According to Abnormal Security, the scammer went through the trouble of not just collecting the salient personal details they can misuse later, but went as far as to ask nearly all the same questions found in the actual application.

And unlike most scams, they are attempting to take your credit card where payment is solicited for up front. This scam takes “payment” when it normally would – at the end of the process. This scam is one of the reasons KnowBe4 exists – to educate users through new-school security awareness training so they won’t be fooled by these kinds of scams. The sender email address and email copy are dead giveaways – something well-trained users will spot a mile away, avoiding the scam all together.

Check out the screenshots at this blog post:

How “Contact Form” Phishing Campaigns Work

“Contact Forms” is a campaign that uses a web site’s contact form to email malicious links disguised as some sort of legal complaint.  We’ve seen this campaign push BazarLoader malware and distribute Sliver, but recently it’s been pushing IcedID (Bokbot).  Most of the time, the Contact Forms campaign uses a “Stolen Images Evidence” theme, with emails stating a supposed violation of the Digital Millennium Copyright Act (DMCA).  Below is an example seen on December 9th, 2021.  More…


Phishing Reported in IKEA’s Internal Email System

IKEA has been working to contain a continuing phishing campaign that’s afflicting the furniture and houseware chain’s internal email system. BleepingComputer describes it as a “reply-chain email attack.” This form of attack is unusual but not unknown. The attackers obtain a legitimate corporate email and reply to it.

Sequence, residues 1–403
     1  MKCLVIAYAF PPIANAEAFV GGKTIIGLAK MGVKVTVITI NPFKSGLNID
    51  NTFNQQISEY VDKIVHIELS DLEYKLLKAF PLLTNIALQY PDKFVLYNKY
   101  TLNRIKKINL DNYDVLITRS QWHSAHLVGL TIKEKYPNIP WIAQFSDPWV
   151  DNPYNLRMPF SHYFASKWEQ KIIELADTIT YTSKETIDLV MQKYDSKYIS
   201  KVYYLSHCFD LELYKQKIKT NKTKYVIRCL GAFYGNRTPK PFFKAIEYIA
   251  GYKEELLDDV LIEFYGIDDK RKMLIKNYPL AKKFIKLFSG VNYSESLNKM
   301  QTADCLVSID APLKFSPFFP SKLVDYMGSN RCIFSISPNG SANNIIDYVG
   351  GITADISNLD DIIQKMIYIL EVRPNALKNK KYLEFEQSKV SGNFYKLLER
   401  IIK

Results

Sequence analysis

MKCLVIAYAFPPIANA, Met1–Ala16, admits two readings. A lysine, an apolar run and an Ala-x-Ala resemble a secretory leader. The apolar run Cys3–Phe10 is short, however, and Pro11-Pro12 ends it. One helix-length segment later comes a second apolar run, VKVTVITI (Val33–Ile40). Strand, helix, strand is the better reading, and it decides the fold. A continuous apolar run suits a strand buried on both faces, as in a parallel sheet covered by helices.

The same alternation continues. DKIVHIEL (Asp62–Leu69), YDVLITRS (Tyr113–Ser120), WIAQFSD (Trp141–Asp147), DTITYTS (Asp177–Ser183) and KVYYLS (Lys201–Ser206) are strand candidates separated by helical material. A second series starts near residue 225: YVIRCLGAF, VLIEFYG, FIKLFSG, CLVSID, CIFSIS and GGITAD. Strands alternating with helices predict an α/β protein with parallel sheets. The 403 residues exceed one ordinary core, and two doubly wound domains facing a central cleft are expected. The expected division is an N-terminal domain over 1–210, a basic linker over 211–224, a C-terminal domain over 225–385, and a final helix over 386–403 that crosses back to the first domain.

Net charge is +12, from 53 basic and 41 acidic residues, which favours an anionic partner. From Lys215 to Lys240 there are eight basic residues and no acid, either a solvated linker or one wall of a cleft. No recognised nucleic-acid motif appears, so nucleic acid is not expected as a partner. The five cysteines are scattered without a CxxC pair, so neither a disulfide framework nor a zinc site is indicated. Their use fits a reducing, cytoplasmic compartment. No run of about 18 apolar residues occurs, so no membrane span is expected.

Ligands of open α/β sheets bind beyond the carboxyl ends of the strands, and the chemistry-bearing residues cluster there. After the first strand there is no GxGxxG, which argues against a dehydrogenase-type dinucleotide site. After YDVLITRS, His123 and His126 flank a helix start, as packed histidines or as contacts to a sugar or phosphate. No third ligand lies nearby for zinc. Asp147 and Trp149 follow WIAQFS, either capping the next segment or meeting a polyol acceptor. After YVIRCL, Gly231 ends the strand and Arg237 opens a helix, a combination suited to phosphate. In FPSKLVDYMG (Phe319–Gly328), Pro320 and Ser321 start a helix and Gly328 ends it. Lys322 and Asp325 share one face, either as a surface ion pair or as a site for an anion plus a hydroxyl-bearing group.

“As the reply-chain emails are legitimate emails from a company,” they explain, “and are commonly sent from compromised email accounts and internal servers, recipients will trust the email and be more likely to open the malicious documents.”

“There is an ongoing cyber-attack that is targeting Inter IKEA mailboxes. Other IKEA organisations, suppliers, and business partners are compromised by the same attack and are further spreading malicious emails to persons in Inter IKEA,” explained an internal email sent to IKEA employees and seen by BleepingComputer.

“This means that the attack can come via email from someone that you work with, from any external organization, and as a reply to an already ongoing conversations. It is therefore difficult to detect, for which we ask you to be extra cautious.”